Antiochus IV Epiphanes came to power after the death of his brother, Seleucus IV. He needed to unify his empire against the threats of Rome to the west, Parthia to the east, and Egypt to the south. He sought to accomplish this unity by fostering Hellenism; that is, by encouraging the adoption of Greek culture and ideals. He particularly identified with Zeus and took the name Theos Epiphanes ("the god appearing") because he considered himself a divine personification of Zeus.

Due to the Roman taxes, Antiochus Epiphanes was virtually penniless when he assumed the throne, so he increased taxes and continued to rob temples.

Although they all disliked the taxes, the Jews were divided about Hellenism. Younger Jews were eager to adopt Greek culture and integrate it into Jewish society, but most older Jews were uncompromising traditionalists.

Matters came to a head in Jerusalem when two men tried to out bribe each other in an effort to have Antiochus make them high priest. The winner supported the establishment of a Greek gymnasium within sight of the temple. There, young men (including priests) studied Greek culture and took part in sports. The intertestamental book of First Maccabees contains the following description:

Whereupon they built a place of exercise at Jerusalem according to the custom of the heathen. And made themselves uncircumcised, and forsook the holy covenant, and joined themselves to the heathen.

Greek sports were conducted without clothing. Also, when First Maccabees says that they made themselves uncircumcised, it is not just speaking figuratively. Some of the Jews actually tried to reverse their circumcision with surgery.

Later, the high priest (who had obtained that position by paying Antiochus a bribe) assisted the king in plundering the temple and said nothing while Antiochus murdered citizens and nearly destroyed the city.

Later, an altar to Zeus was built in the temple and sacrifices were offered on it. And that was not all. Antiochus issued decrees forbidding the practice of Jewish religion on pain of torture and death. The Sabbath and the Jewish feasts were not to be observed and circumcision was forbidden. Copies of the Torah were to be destroyed, and Jews were to be forced to offer sacrifices of pigs to Zeus and eat the meat of the sacrifice.

One elderly priest, Mattathias, refused to sacrifice to Zeus and, with his five sons, he rose up and killed the king's officers who were trying to force him to comply.

This event led to the Maccabean Revolt, which eventually gave rise to the first independent Jewish nation since before the Babylonian captivity. This nation lasted only 79 years. In 63 BC, the Romans under Pompey conquered Jerusalem and once again the Jews were under foreign domination.

God's Plan of Salvation

You must hear the gospel and then understand and recognize that you are lost without Jesus Christ no matter who you are and no matter what your background is. The Bible tells us that “all have sinned, and come short of the glory of God.” (Romans 3:23) Before you can be saved, you must understand that you are lost and that the only way to be saved is by obedience to the gospel of Jesus Christ. (2 Thessalonians 1:8) Jesus said, “I am the way, the truth, and the life: no man cometh unto the Father, but by me.” (John 14:6) “Neither is there salvation in any other: for there is none other name under heaven given among men, whereby we must be saved.” (Acts 4:12) "So then faith cometh by hearing, and hearing by the word of God." (Romans 10:17)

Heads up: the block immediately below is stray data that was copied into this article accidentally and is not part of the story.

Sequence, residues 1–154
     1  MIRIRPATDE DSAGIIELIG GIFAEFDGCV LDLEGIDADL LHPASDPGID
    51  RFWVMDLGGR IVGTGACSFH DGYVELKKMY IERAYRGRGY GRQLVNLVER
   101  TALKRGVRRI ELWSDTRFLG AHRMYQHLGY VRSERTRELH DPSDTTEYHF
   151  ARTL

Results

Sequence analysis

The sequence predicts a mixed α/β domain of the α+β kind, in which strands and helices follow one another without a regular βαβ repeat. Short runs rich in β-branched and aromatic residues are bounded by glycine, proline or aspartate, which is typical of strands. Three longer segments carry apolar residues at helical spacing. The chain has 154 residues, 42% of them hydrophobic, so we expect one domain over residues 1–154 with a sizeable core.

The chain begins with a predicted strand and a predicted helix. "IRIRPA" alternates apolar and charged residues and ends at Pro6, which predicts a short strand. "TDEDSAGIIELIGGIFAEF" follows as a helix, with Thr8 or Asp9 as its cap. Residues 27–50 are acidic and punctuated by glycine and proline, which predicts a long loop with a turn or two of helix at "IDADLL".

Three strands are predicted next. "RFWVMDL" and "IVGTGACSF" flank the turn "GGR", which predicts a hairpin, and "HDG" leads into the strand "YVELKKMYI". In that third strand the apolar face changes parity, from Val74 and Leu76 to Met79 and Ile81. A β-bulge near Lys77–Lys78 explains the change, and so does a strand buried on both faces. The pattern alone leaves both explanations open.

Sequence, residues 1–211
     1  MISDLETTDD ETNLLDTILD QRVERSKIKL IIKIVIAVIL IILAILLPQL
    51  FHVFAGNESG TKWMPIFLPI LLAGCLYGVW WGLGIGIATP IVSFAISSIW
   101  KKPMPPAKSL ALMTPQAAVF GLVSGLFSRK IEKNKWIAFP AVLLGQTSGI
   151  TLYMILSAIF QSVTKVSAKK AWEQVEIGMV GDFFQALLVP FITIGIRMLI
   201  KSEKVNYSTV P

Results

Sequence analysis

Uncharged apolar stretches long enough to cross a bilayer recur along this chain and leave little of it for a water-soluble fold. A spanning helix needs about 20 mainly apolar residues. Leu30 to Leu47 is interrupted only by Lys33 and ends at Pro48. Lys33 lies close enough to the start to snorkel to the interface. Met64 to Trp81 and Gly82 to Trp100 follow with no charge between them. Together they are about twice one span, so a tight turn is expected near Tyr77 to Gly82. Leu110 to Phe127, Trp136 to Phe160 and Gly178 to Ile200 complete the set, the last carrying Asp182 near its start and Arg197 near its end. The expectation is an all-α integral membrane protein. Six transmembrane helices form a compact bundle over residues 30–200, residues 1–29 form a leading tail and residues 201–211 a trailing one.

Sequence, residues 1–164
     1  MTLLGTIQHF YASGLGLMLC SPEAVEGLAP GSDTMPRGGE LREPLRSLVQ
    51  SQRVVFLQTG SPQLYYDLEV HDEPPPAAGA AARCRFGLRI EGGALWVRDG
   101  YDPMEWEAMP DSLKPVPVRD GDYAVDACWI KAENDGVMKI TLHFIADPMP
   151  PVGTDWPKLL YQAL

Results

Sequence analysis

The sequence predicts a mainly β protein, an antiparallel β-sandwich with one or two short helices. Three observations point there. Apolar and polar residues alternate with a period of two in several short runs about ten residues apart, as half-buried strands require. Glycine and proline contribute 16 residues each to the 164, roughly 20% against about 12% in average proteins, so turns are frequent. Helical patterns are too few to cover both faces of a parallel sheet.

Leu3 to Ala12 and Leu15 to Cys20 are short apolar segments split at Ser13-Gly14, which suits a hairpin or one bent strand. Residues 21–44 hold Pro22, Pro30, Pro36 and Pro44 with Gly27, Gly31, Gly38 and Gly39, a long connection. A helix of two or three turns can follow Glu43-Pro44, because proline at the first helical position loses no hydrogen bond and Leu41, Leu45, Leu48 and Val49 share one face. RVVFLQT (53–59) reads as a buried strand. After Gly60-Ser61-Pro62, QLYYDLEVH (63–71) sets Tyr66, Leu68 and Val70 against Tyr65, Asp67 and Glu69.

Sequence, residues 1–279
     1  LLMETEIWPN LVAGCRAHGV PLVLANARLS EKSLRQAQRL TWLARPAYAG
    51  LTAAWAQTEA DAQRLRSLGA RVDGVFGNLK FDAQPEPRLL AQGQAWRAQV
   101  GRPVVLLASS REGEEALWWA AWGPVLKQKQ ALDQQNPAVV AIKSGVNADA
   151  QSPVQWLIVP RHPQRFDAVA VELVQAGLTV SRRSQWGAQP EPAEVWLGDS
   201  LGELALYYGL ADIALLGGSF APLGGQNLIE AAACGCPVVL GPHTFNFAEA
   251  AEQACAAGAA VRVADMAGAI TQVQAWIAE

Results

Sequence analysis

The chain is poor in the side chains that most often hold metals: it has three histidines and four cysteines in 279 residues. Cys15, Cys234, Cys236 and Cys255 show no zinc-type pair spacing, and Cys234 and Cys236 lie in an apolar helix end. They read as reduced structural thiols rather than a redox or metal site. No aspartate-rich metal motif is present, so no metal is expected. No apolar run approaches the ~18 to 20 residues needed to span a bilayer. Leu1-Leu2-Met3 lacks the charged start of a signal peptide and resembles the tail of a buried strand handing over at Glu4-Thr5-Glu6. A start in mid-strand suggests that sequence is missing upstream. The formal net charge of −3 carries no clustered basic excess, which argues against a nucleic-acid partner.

You must believe and have faith in God because “without faith it is impossible to please him: for he that cometh to God must believe that he is, and that he is a rewarder of them that diligently seek him.” (Hebrews 11:6) But neither belief alone nor faith alone is sufficient to save. (James 2:19; James 2:24; Matthew 7:21)

You must repent of your sins. (Acts 3:19) But repentance alone is not enough. The so-called “Sinner’s Prayer” that you hear so much about today from denominational preachers does not appear anywhere in the Bible. Indeed, nowhere in the Bible was anyone ever told to pray the “Sinner’s Prayer” to be saved. By contrast, there are numerous examples showing that prayer alone does not save. Saul, for example, prayed following his meeting with Jesus on the road to Damascus (Acts 9:11), but Saul was still in his sins when Ananias met him three days later (Acts 22:16). Cornelius prayed to God always, and yet there was something else he needed to do to be saved (Acts 10:2, 6, 33, 48). If prayer alone did not save Saul or Cornelius, prayer alone will not save you. You must obey the gospel. (2 Thess. 1:8)

You must confess that Jesus Christ is the Son of God. (Romans 10:9-10) Note that you do NOT need to make Jesus “Lord of your life.” Why? Because Jesus is already Lord of your life whether or not you have obeyed his gospel. Indeed, we obey him, not to make him Lord, but because he already is Lord. (Acts 2:36) Also, no one in the Bible was ever told to just “accept Jesus as your personal savior.” We must confess that Jesus is the Son of God, but, as with faith and repentance, confession alone does not save. (Matthew 7:21)

Having believed, repented, and confessed that Jesus is the Son of God, you must be baptized for the remission of your sins. (Acts 2:38) It is at this point (and not before) that your sins are forgiven. (Acts 22:16) It is impossible to proclaim the gospel of Jesus Christ without teaching the absolute necessity of baptism for salvation. (Acts 8:35-36; Romans 6:3-4; 1 Peter 3:21) Anyone who responds to the question in Acts 2:37 with an answer that contradicts Acts 2:38 is NOT proclaiming the gospel of Jesus Christ!

Once you are saved, God adds you to his church and writes your name in the Book of Life. (Acts 2:47; Philippians 4:3) To continue in God’s grace, you must continue to serve God faithfully until death. Unless they remain faithful, those who are in God’s grace will fall from grace, and those whose names are in the Book of Life will have their names blotted out of that book. (Revelation 2:10; Revelation 3:5; Galatians 5:4)